An increasing number of cities are passing laws to regulate and curb the reach of home sharing sites. As discussed in last week’s blog, the success of these regulations has been subpar at best, due in part to problems with enforcement. A city’s inability to enforce its regulations is often due to a lack of resources, especially in smaller markets. Nonetheless, cities like New York and San Francisco with much larger city coffers are having difficulties as well. Much of that blame can be placed squarely on the home sharing platforms themselves.
“Frankly my dear, we don’t give a damn.”
When confronted with a city’s attempt at regulating illegal sublets, this Clark Gable line could be the de facto motto of sites like Airbnb, VRBO/HomeAway, Flipkey and Craigslist. A year after San Francisco passed its law regulating short term vacation rentals, it sent a letter to all four of these sites, asking for help with enforcement.
The response from these companies? Silence. Not a single executive from any of these sites bothered to show up at the city hearing tackling the problem of enforcement. Most glaring of all was Airbnb, whose corporate headquarters are in San Francisco. You don’t have to be a conspiracy theorist to figure out why these sites have no desire to help.
“Enforcing the rules would knock most of its listings off the site, since somewhere around 80 percent of the units listed in the city today are unregistered, and a lot of the most profitable listings are not, and never can be, legal. That would dramatically cut into Airbnb’s business plan and profits, More, it would set a precedent for other big cities – again, hurting the company’s market value – and would happen right where it all started, in Airbnb’s home town.”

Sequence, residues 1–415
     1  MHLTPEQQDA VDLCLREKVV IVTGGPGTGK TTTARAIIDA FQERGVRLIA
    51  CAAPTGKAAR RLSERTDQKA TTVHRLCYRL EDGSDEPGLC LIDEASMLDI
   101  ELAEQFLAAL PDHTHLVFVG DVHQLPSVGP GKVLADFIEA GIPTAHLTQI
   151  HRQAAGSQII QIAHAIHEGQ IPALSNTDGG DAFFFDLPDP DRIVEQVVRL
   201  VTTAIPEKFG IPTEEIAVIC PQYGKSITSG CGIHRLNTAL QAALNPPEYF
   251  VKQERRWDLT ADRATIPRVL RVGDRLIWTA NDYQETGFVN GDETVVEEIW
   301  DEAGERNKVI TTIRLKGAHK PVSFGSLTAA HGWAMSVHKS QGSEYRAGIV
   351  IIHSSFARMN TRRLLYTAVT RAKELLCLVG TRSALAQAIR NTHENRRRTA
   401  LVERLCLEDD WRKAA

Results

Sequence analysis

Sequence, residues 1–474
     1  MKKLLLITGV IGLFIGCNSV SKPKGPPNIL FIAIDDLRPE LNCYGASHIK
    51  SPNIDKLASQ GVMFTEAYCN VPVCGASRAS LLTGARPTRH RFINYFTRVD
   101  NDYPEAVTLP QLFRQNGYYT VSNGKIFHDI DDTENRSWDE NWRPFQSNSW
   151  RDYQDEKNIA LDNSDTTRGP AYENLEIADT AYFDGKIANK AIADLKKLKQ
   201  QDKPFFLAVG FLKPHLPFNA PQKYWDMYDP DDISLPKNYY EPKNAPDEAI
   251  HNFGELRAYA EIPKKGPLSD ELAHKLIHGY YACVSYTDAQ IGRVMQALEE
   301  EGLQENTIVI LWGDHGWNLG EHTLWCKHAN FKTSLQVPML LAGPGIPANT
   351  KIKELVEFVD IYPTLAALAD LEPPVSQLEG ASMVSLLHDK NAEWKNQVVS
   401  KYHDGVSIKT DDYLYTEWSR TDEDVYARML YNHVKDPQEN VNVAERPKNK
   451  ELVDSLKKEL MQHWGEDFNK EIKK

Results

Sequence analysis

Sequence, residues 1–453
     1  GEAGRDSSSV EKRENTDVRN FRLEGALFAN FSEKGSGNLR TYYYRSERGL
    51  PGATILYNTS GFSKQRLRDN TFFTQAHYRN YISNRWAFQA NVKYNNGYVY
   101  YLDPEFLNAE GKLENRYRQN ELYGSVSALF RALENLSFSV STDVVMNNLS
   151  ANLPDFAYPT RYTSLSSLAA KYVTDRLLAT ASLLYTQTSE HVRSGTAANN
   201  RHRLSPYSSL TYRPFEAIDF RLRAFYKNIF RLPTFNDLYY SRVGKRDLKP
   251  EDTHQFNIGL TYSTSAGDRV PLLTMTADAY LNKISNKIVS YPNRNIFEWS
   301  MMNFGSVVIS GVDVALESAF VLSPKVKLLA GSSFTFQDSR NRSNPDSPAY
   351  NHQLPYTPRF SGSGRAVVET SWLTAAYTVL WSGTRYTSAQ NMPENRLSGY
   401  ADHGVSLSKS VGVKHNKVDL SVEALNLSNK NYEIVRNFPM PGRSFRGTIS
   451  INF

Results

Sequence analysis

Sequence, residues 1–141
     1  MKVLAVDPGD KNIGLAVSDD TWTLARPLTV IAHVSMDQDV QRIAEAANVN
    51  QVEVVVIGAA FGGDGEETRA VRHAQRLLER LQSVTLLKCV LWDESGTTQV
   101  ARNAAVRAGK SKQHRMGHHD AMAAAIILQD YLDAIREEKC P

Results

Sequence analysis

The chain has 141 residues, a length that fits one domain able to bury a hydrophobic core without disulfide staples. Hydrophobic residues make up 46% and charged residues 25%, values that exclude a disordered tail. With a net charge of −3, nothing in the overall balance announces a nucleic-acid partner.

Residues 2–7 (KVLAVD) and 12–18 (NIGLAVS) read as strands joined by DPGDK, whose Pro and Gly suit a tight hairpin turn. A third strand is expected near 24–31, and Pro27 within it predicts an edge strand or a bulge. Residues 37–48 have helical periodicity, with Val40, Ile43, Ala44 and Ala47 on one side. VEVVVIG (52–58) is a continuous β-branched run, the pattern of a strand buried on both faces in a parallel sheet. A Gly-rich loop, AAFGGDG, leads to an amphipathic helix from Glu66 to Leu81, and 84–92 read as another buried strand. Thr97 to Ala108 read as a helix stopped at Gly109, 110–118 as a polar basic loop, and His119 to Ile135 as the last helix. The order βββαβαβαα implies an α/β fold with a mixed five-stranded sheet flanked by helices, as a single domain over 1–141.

Passing the buck
Home sharing sites aren’t entirely silent on stricter laws: they have a lot to say when the restrictions are initially passed. The CEO of HomeAway made his feelings very clear when Austin (where the company is headquartered) passed laws regulating short term rentals. He claimed that the city was against innovation and that the law was an embarrassment.
Still, the laws in Texas and elsewhere have so far done little damage to the profits of home sharing sites. Yes, the sites will disclose the new laws and regulations to users, but they don’t force the hosts to abide by them. There’s simply no motivation for sites like Airbnb and HomeAway to voluntarily stop illegal sublets.
“HomeAway can weep over Austin’s regulations that make their prime product ‘basically illegal’ in their hometown—but HomeAway and Airbnb themselves aren’t actually facing these regulations, it’s the people who want to list their properties on the sites.”
How to fix this? Find out next week in the final installment of our three-part blog.
Part 2 of 3.